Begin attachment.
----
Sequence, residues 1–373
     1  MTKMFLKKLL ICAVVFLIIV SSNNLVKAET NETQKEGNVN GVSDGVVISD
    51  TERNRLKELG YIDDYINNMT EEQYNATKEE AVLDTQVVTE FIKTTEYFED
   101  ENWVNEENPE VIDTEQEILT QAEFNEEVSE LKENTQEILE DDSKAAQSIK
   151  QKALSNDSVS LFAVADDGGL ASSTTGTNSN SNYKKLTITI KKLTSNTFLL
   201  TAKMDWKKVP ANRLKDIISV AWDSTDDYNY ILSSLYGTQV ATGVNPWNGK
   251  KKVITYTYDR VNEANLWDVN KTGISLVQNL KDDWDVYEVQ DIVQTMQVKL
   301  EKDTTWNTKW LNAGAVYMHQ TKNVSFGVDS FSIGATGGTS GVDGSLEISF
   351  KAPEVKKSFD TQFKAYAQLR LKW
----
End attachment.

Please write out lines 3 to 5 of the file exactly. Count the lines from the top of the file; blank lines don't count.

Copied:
    51  TERNRLKELG YIDDYINNMT EEQYNATKEE AVLDTQVVTE FIKTTEYFED
   101  ENWVNEENPE VIDTEQEILT QAEFNEEVSE LKENTQEILE DDSKAAQSIK
   151  QKALSNDSVS LFAVADDGGL ASSTTGTNSN SNYKKLTITI KKLTSNTFLL